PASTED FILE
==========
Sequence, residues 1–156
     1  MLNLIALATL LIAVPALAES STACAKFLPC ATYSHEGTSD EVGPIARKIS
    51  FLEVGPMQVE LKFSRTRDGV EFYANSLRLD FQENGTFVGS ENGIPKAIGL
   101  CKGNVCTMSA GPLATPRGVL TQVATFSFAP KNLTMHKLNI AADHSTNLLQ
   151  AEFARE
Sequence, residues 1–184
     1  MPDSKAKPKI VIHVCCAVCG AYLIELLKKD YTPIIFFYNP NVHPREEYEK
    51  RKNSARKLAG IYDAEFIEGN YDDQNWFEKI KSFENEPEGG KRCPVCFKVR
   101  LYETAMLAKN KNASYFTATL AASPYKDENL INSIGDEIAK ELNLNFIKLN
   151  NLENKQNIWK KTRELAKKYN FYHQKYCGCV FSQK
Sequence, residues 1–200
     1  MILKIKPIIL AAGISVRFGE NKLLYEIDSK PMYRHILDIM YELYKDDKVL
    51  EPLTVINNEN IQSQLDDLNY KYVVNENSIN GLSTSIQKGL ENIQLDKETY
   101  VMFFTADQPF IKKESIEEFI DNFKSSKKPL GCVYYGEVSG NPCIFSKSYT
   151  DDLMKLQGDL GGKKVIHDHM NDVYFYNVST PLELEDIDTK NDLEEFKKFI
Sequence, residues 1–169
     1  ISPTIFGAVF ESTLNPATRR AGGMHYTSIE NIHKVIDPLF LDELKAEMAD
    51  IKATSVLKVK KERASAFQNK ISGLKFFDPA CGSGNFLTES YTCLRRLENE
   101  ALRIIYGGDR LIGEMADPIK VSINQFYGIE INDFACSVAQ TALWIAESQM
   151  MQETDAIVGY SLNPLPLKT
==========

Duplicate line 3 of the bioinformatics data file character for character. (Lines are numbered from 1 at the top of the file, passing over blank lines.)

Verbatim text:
    51  FLEVGPMQVE LKFSRTRDGV EFYANSLRLD FQENGTFVGS ENGIPKAIGL